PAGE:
Like many other cities throughout the United States, Tampa, Florida, is dealing with the economic restrictions and shutdowns necessitated by the worldwide coronavirus pandemic but, as in other jurisdictions, essential construction projects have been allowed to continue. Florida Gov. Ron DeSantis has also allowed projects that were under construction at the time he issued the state's Safer at Home Order to move forward as well.
In the Tampa Bay area, however, there is an added urgency to complete more than $1 billion of projects in time for the NFL's Super Bowl 55 in February 2021. These include a $200 million JW Marriott hotel in downtown Tampa and the first phase of the $550 million mixed-use Midtown Tampa project just a few miles from Raymond James Stadium, which will host the Super Bowl.
The big game, according to Carole Post, Tampa’s Development and Economic Opportunity Administrator, is still on despite the pandemic.
So that means the city's construction projects are forging ahead, and the priority is making sure workers are as safe as they are productive.
"When it became clear that construction was going to be deemed an essential service," Post said, "we started thinking about the implications of that and the thousands of [construction workers] that are not part of the shutdown."
The governor's order encourages contractors and other businesses to follow the Centers for Disease Control and Prevention (CDC) guidelines in protecting their workers but stops short of laying out specific protocols.
To that end, Tampa officials launched a COVID-19 construction site safety program for threshold buildings — those structures taller than three stories, or 50 feet in height, or with an assembly occupancy classification exceeding 5,000 square feet in area and/or an occupant content of more than 500 persons. There are currently 52 threshold projects within the Tampa city limits.
Those projects must:
- Designate a COVID-19 Compliance Coordinator, who must be on the jobsite during all work hours; be easily identifiable via a helmet, vest of other similar means; and be available to workers and city officials.
- Close all sites to the general public.
- Ensure that all personnel maintain a minimum distance of 6 feet from each other.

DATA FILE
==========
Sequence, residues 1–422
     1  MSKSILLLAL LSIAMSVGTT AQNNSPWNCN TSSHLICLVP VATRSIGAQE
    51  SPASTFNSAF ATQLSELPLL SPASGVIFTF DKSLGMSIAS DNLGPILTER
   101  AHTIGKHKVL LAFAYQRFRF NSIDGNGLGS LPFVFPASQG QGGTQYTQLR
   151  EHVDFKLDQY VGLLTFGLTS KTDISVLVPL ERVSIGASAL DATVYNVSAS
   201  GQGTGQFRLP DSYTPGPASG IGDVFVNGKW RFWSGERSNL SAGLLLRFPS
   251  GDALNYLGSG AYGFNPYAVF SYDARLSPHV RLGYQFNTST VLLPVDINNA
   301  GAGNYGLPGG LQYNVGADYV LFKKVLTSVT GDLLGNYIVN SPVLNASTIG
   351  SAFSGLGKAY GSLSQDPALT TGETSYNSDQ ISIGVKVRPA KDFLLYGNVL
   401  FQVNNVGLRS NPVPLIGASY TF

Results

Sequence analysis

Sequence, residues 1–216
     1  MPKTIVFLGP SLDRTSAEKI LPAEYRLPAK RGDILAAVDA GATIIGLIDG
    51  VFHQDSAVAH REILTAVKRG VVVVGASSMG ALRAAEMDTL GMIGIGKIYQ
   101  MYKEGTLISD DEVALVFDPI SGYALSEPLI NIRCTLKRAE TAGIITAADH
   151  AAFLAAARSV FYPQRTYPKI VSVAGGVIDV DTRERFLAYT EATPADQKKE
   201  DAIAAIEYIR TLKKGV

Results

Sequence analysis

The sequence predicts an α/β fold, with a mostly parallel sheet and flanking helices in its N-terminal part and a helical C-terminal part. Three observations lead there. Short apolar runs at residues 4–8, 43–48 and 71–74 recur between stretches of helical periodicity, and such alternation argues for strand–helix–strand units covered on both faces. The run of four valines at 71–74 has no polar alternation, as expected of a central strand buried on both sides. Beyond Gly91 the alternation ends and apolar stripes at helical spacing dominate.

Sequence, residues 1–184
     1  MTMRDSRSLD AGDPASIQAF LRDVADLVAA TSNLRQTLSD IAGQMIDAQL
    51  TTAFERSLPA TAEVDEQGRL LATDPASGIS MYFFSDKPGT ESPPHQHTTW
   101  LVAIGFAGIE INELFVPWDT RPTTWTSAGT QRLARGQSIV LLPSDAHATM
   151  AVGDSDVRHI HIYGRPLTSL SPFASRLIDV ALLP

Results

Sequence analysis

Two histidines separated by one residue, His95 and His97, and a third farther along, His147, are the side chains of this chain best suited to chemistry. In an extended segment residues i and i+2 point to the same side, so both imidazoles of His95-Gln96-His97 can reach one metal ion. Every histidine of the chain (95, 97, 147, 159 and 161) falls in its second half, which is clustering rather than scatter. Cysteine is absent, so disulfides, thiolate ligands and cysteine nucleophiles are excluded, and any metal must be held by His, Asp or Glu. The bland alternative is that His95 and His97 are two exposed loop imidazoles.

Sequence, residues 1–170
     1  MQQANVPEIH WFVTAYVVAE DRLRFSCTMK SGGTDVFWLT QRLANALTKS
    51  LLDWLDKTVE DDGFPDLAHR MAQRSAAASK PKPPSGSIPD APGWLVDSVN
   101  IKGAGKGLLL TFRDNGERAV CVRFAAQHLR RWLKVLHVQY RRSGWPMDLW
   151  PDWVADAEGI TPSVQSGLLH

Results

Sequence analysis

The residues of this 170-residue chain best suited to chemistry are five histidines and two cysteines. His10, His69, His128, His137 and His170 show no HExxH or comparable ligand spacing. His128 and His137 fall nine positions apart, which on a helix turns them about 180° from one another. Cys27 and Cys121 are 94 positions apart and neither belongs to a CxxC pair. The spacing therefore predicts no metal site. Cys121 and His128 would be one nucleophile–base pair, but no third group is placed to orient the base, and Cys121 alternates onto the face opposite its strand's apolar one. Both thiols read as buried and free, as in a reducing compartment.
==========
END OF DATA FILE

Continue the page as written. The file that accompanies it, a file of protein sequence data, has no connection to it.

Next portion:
- Have handwashing stations equipped with soap and water and/or hand sanitizing stations in convenient locations.
- Prominently post CDC-approved COVID-19 information.
- Maintain 50% or less occupancy in jobsite trailers.
- Ensure that all individuals on site, with the exception of office workers, wear construction-grade gloves at all times.
- Limit food trucks to the outside perimeter of construction sites and make sure there is only one point of contact for both drop-offs and pick-ups in order to limit interaction with workers.
In addition to these guidelines, the city has also introduced a novel approach to ensuring that construction projects are in compliance — unannounced spot inspections by a team of independent nurses contracted by the city.
The way it works is that after receiving occupational safety training, licensed nurses visit these threshold projects up to three or four times a week to make sure crews are abiding by the program's requirements. So far, Post said, the nurses have reported that most jobsites have been in good condition, with only a few minor and easily-remedied deficiencies like a lack proper handwashing stations.
The city's efforts are made easier because it has consulted with developers about what should go into the program every step of the way. In fact, when the approximately eight-week program is done and the costs are tallied, developers will foot the bill.
"They were grateful for it," Post said, “and they were on board."
While Tampa labor and employment attorney Phillip Russell with Ogletree, Deakins, Nash, Smoak, & Stewart in Tampa acknowledged the city's efforts, he said that many of the larger contractors the program targets already have a deep bench of safety personnel, unlike smaller contractors who have limited resources and who could have also benefited from the nurse's visits.
However, he said, the city's order fills a gap in OSHA regulations, which don't yet include any standards related to COVID-19.
The level of compliance so far, though, is encouraging, Russell said, and shows contractors and owners were already committed to safety on those projects. "You don't necessarily need more government for employers to do the safe thing for their workers."
Something else that sets the city's program apart from OSHA is that it does not contain an enforcement provision, which means no citations, monetary fines or other penalties for noncompliance. If necessary, Post said, a Hillsborough County order now in effect would allow the city to take some action, but she doubted that would be necessary given that contractors have been following the rules thus far.
"We're not here to be punitive," Post said. "It's quite the opposite. We're here to try to keep [them] in business."